Our Members and Mission

Oregon Cranberry Growers Association Members are Oregon Cranberry Growers and people involved in the industry.  Our objectives are to support educational cranberry research with emphasis on current problems.  These problems range from weeds, insects, and diseases to nutrition, irrigation, mechanization, plant physiology and plant genetics.  OCGA projects are intended to further the development and general prosperity of cranberry production in Oregon.

2021 PNW Cranberry Congress on February 18th and 19th


Due to the COVID 19 closures we will be having our Annual Meeting and Cranberry School virtually. British Columbia has graciously invited Oregon and
Washington to be part of the 2021 PNW Cranberry Congress on February 18 th and 19 th . Attached is the Agenda. Membership dues are required to attend the meeting. Pesticide credits (2) will be available pending ODA approval. The Zoom link (and dial in information if you want to call in with your phone instead) needed to attend the virtual PNW Cranberry Congress will be provided in an email once your dues are paid.


Signup/Dues/Donations Page

Kranick Cranberry Farm Video

Cranberry HARVEST from Fletch Murray/CineBootCamps on Vimeo.


This is the heartfelt story of the Kranick Cranberry farm which will become a century farm in 2017. A century farm is a farm owned by the same family for one hundred years. Fletch Murray took his CineBootCamps filmmakers to Dave Kranick's Ocean Spray cranberry farm in Bandon, Oregon to capture 2014 Cranberry Harvest.

In this beautiful mini-doc you'll see the process and the story of the oldest family-owned cranberry farm in Oregon. The documentary was filmed with Canon EOS cameras - the 5D Mark3, 7D, 60D and 70D.

2016 Oregon Field Day Presentations

Almost 50 people attended our summer field day Tuesday, August 2nd.  I gave a brief update on the data I've been collecting this season on greedy scale insects.  Don Kloft gave a nice presentation on fruit rot and fungicide use, and Ramesh Sagili, from Oregon State, gave a really excellent and helpful presentation on bee biology and safety.  I don't have Ramesh's presentation, but I am posting both mine and Don's here.  I think eventually I'll post them in a different location on the website, but I'm not sure where that will be yet.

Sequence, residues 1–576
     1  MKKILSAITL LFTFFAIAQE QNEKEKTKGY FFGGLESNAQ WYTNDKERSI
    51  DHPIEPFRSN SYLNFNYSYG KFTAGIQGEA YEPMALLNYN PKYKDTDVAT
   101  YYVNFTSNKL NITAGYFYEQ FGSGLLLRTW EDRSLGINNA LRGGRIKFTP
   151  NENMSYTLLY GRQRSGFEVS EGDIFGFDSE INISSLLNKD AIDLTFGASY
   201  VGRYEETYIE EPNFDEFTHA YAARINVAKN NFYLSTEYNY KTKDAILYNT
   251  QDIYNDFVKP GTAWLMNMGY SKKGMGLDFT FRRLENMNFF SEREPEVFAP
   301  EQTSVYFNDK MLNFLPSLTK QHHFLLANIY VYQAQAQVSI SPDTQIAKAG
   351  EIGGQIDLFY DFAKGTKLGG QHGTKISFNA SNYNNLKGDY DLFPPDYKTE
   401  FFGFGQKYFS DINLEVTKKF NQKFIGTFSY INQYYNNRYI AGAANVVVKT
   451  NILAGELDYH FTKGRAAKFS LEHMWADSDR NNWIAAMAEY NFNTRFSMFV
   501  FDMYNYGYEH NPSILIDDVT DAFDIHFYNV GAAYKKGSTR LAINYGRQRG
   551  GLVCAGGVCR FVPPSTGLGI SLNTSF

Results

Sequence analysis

So .... here you go, as promised!

June 3, 2016 Scale Update

It looks like (perhaps) we have reached the peak point for crawler emergence … right smack in the middle of bloom.  Great.  This graph is pretty busy, but Basically, the red line is the % adults out there that had live crawlers in them … it looks like that number has leveled off in our control (untreated) sites that we’re using for a baseline.  The number of live scale per upright has decreased a bit as well (blue bars), which makes me wonder if perhaps last week or so was the peak emergence time, and the adults are dying off after releasing their eggs. 

5-2-16 Scale Update

No big changes on the scale front.  Since I began observing a few crawlers last week UNDER the scale cover, I decided to monitor twice weekly.  So far, nothing's changed.  This week I found ONE crawler on the stem, which is new.  Of the 237 live scale I observed this time around, 9 of the adults had a couple live crawlers under their armor (that's about 4%).  Remember, those live crawlers are 2 out of 40 or more eggs.  The bottom line: I think we're still early.  I was hoping for more development over this past week, especially with the warm weekend we had, but I'm just not seeing it yet.